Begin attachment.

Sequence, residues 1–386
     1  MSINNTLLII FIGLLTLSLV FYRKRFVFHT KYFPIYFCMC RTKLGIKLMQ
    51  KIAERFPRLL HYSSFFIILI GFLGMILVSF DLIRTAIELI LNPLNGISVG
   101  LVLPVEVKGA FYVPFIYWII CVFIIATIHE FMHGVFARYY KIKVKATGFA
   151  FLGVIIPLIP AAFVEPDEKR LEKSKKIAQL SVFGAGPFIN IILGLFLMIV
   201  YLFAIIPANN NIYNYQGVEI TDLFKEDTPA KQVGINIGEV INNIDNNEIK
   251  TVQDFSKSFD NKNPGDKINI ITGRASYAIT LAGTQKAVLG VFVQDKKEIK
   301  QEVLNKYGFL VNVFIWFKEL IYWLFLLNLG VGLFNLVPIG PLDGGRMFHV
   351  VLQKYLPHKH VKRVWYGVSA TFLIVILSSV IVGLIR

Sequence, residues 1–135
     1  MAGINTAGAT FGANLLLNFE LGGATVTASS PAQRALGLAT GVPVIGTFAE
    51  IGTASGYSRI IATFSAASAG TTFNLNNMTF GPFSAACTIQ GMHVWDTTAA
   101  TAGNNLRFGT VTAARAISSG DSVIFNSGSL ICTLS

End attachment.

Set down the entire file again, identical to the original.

Sequence, residues 1–386
     1  MSINNTLLII FIGLLTLSLV FYRKRFVFHT KYFPIYFCMC RTKLGIKLMQ
    51  KIAERFPRLL HYSSFFIILI GFLGMILVSF DLIRTAIELI LNPLNGISVG
   101  LVLPVEVKGA FYVPFIYWII CVFIIATIHE FMHGVFARYY KIKVKATGFA
   151  FLGVIIPLIP AAFVEPDEKR LEKSKKIAQL SVFGAGPFIN IILGLFLMIV
   201  YLFAIIPANN NIYNYQGVEI TDLFKEDTPA KQVGINIGEV INNIDNNEIK
   251  TVQDFSKSFD NKNPGDKINI ITGRASYAIT LAGTQKAVLG VFVQDKKEIK
   301  QEVLNKYGFL VNVFIWFKEL IYWLFLLNLG VGLFNLVPIG PLDGGRMFHV
   351  VLQKYLPHKH VKRVWYGVSA TFLIVILSSV IVGLIR

Sequence, residues 1–135
     1  MAGINTAGAT FGANLLLNFE LGGATVTASS PAQRALGLAT GVPVIGTFAE
    51  IGTASGYSRI IATFSAASAG TTFNLNNMTF GPFSAACTIQ GMHVWDTTAA
   101  TAGNNLRFGT VTAARAISSG DSVIFNSGSL ICTLS